Bare List on the Death of Literature

The debate of the future of literature has raged for generations with academics and critics alike claiming novels to be a dying art form. “Thought provoking prose steeped in imagery and symbolism are dead” claim these elite voices from high horses. We are a “receiver” culture these days. We only want to be entertained and produce algorithmic tomes that are easily read and digested over a lunch hour and leave us as quickly as our club sandwich.

I call bullshit. Literature is not dead, in fact, I will claim here and now that literature will never die. I know this because I know and believe in the writer. Giving life to a novel is giving a piece of yourself to the world. It is a grind and the biggest pay off for most of us is that our words can directly benefit another human being. There are far easier ways to make a lot more money than producing a novel. Has it been done? Are there authors churning out cookie-cutter work to turn a profit? Sure, but they are the exception, not the rule. The majority of us wouldn’t toil away, forsaking better reason and judgement to create something for the world to scrutinize for only a paycheck. We do it because we have stories to tell, lives we hope to change, world’s we want to bring to life. We do it because literature affects us as readers and we want the chance to have the same affect on others.

So, why do these naysayers claim our art dead? A lot of reasons, first and foremost being fear. The world is changing, we consume content in ways we never have before and there’s boundless possibilities for how we will consume it in the future. Some older generations speculate that our “entitled” youth will lose patience for sitting down and reading a book. That they will not want to think hard because in the age of Google, you don’t have to. I know this is wrong because I have children. The one old enough to read keeps his nose buried in books most of his waking hours. He’s read a huge chunk of the “classics” and a large selection of the modern masterpieces, and he’s not alone. The vast majority of his young compatriots share his love of reading. It’s not a “dorky” or “nerdy” thing to do as it was when I was young, it’s a center of their conversation.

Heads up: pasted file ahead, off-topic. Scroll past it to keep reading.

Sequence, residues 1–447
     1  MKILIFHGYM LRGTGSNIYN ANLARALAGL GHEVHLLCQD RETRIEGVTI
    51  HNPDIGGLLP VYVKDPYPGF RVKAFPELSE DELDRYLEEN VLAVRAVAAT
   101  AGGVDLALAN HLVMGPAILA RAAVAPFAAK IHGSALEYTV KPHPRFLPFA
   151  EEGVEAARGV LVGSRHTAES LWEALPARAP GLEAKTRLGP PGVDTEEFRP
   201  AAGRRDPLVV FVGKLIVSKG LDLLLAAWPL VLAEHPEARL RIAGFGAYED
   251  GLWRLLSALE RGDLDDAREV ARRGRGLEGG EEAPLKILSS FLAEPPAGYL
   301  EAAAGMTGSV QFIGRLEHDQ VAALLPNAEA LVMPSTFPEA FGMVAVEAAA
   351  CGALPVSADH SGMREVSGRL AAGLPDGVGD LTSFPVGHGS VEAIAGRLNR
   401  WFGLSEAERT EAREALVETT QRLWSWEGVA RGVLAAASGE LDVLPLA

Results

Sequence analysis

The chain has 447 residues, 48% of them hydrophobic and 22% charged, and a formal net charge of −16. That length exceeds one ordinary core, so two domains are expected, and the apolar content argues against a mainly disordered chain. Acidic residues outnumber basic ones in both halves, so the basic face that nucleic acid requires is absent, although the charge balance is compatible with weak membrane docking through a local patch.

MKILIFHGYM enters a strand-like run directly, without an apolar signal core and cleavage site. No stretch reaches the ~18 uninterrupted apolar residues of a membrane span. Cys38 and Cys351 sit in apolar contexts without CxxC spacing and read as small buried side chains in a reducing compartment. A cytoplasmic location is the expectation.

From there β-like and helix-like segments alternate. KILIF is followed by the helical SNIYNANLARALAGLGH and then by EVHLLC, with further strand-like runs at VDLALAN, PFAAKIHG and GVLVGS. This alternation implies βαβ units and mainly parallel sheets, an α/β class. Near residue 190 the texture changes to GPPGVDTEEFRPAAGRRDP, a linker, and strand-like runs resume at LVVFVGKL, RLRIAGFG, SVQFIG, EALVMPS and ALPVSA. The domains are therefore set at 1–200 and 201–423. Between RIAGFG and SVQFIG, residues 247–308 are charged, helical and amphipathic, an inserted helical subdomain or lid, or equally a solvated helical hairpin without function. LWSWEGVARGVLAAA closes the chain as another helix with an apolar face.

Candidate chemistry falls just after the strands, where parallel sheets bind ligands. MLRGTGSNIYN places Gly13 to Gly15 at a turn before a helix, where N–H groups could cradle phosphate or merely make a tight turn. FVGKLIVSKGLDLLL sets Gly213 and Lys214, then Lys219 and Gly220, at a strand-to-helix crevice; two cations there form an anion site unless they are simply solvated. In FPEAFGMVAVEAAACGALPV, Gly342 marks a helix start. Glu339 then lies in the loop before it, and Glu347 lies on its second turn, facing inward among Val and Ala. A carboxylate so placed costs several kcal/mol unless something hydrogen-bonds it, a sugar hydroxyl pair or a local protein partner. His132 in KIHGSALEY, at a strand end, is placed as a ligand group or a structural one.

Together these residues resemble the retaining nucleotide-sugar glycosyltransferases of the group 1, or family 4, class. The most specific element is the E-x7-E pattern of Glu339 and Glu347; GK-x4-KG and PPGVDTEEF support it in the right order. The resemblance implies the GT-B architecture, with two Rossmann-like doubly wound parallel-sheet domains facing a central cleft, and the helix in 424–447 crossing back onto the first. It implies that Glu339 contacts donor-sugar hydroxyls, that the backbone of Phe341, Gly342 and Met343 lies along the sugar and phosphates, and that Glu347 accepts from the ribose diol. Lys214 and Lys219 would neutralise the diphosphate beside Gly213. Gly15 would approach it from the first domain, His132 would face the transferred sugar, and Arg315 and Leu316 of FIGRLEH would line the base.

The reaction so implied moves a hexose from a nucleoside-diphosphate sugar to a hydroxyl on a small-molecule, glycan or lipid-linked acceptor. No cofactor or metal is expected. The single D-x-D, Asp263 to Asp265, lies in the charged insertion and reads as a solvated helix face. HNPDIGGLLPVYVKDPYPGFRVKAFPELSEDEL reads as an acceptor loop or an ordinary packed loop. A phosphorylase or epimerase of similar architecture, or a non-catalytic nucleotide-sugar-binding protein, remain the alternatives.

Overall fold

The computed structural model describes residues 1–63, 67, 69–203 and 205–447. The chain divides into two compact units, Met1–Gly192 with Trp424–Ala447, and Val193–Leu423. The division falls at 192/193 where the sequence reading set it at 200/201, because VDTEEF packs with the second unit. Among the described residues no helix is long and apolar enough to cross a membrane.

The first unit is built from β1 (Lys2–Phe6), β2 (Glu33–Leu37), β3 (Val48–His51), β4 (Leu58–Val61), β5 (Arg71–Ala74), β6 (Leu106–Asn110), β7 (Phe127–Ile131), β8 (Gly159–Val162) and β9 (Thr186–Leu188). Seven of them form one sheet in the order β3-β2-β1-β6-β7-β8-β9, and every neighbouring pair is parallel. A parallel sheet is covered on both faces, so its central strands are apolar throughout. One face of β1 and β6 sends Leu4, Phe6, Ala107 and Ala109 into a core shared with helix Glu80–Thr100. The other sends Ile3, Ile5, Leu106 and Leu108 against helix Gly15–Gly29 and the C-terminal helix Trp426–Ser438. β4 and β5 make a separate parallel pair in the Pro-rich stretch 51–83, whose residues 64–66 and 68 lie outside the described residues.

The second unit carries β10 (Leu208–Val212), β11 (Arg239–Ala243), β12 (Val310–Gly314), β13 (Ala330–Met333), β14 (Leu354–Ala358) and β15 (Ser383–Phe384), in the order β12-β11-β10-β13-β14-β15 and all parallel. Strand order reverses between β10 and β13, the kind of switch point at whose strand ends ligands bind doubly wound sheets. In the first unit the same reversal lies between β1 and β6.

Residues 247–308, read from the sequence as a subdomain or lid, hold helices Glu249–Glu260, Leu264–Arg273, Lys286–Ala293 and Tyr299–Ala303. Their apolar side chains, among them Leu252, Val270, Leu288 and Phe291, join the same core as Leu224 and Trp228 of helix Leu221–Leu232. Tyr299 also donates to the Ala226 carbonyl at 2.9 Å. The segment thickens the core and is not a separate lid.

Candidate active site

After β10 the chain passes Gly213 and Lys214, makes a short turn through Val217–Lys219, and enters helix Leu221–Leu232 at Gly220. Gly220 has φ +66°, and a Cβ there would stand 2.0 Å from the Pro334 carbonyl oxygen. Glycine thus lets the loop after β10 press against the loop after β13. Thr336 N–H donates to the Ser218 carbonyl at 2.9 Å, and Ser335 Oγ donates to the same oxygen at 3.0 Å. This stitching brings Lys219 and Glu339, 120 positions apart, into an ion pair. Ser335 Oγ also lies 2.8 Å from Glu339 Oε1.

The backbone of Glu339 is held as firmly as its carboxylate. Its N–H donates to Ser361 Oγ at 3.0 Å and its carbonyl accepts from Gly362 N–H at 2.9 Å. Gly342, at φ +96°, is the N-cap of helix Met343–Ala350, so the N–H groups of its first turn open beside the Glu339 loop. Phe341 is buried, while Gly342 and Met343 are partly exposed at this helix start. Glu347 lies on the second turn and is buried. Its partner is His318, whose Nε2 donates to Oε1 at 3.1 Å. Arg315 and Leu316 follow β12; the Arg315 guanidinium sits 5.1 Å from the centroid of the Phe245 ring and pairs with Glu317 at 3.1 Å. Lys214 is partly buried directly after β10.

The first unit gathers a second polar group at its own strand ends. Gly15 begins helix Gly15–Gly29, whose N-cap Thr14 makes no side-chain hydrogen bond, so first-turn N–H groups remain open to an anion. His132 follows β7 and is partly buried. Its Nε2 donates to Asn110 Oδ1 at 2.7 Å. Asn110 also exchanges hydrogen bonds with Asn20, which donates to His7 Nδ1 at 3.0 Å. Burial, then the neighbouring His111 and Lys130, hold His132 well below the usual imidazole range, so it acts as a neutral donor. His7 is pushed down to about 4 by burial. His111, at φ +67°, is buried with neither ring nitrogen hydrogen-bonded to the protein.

Enthusiasm can be cited as another reason for the death call of literature. Thomas Wolfe proclaimed that “New Journalism” would replace novels, meanwhile his fellow Merry Prankster, Ken Kesey, wrote some of the greatest literary works of the 20th century. One Flew Over the Cuckoo’s Nest and Sometimes a Great Notion (possibly my favorite novel of all time) were both published amid speculation that literature was dead (1962 and 1964). Did Wolfe believe that Kesey and Thompson were creating mindless dribble that would put the death nail into the novel? No, he believed that the escapades he was embarking on would change the literary world to an extent that novels as we knew them would cease to exist. He had right to be excited. What Wolfe, Thompson, Kesey, and others did was amazing and they have inspired generations of authors and journalists. Their combined works changed the landscape of literature, hell, society, but it didn’t replace literature. It added to it.